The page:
The effective operation of in-vehicle systems relies on the interoperability and trouble-free connectivity of equipment. Leading the way here has been the European Bus System of the Future (EBSF) project. Its IT architecture is open and interoperable, meaning that operators and organising authorities can use public transport data, anywhere in Europe, using common mechanisms, standard rules and protocols.
With standardisation the process of installing and configuring new equipment is automatic and makes maintenance and daily operations much easier. This translates into lower costs – of investment, installation, operation, maintenance and scalability. Tenders can be opened to more competitors - which helps generate better prices. Installation and maintenance of new applications and IT devices is quick - effectively plug and play.
Interoperability, standardisation and holistic planning reduce energy consumption. As ITS devices consume a lot of energy inside the vehicle - a feature of new systems is smart power management. Standard power management rules help to maximise a vehicle’s battery life and reduce the environmental impact. (See In-vehicle System)
Care should be taken to compare the features and component connectivity and interoperability offered by different vehicle manufacturers.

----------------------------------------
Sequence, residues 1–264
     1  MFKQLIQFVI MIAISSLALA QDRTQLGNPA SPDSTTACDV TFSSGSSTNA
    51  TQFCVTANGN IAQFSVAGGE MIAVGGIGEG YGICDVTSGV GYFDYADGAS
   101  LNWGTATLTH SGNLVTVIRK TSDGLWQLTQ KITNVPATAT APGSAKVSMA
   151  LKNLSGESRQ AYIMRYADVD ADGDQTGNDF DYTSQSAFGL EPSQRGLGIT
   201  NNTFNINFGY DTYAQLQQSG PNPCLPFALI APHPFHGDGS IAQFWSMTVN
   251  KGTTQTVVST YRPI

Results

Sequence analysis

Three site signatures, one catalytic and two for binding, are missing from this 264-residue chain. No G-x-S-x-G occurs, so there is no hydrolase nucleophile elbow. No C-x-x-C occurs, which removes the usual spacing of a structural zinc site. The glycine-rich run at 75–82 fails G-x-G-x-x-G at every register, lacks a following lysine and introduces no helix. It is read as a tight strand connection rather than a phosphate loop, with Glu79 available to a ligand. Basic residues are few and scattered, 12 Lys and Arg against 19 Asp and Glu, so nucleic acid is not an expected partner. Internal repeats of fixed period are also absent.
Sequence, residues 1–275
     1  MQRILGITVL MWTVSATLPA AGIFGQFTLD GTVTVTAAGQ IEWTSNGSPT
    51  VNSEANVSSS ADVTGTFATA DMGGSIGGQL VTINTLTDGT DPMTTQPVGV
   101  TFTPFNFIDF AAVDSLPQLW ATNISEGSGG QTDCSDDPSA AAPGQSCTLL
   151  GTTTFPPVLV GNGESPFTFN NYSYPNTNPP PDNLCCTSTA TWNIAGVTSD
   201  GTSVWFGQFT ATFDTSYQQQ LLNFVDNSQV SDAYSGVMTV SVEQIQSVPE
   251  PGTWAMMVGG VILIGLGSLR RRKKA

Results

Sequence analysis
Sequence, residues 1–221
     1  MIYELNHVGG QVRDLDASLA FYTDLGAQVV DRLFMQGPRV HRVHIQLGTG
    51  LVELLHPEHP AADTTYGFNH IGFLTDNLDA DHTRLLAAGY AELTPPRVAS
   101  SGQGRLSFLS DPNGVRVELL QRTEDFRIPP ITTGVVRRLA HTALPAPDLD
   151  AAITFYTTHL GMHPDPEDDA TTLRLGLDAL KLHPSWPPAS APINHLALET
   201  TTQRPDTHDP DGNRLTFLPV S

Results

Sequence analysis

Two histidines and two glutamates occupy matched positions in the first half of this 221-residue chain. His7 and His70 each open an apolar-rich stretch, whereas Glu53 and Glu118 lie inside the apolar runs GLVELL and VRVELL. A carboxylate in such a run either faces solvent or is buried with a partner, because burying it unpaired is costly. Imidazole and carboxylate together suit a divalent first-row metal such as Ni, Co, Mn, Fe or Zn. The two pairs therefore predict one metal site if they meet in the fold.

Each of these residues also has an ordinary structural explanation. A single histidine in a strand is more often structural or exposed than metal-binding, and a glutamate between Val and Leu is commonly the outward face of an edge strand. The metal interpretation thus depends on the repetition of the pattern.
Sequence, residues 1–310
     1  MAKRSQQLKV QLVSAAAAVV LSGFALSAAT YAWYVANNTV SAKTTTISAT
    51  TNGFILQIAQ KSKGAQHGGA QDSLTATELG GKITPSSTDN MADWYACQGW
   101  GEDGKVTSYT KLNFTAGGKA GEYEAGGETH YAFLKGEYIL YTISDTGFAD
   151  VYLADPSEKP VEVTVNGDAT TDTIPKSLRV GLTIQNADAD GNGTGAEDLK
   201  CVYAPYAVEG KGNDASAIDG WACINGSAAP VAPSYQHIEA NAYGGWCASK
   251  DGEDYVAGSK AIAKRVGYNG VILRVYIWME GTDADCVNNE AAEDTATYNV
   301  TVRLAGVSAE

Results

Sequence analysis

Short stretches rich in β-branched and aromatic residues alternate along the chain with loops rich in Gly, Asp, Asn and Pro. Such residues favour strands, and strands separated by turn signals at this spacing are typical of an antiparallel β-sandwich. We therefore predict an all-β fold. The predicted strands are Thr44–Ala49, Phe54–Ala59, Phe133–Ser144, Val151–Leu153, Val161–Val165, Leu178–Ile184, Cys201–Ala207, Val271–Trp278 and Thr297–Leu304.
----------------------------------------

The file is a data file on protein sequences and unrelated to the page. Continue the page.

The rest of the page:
European Bus System of the Future (EBSF) incorporates a number of new features relating to passengers – such as lights indicating free passenger seats and entrances to the bus with the least congestion. Other features include advanced electrics enabling the charging of mobile phones. Increasingly common is wi-fi connectivity on buses and express coaches – and this can be a key selling feature of the public passenger transport experience.
Vehicle standardisation is very helpful in reducing costs, but the developments in Europe with EBSF and similar developments are unlikely to feed through to developing economies for some time. A key reason for this is the much harsher and more variable road conditions in cities within developing economies and the general variability but simplicity of much passenger transport equipment.
However, vehicle purchasers in developing economies should be aware of the extent to which their potential suppliers are able to adopt standards and systems - particularly those which serve to reduce purchase and operating costs.
Care should be taken in planning how new-generation and holistically-designed vehicles are deployed within the fleet, particularly in relation to older vehicles, and in considering whether there are issues relating to driver training.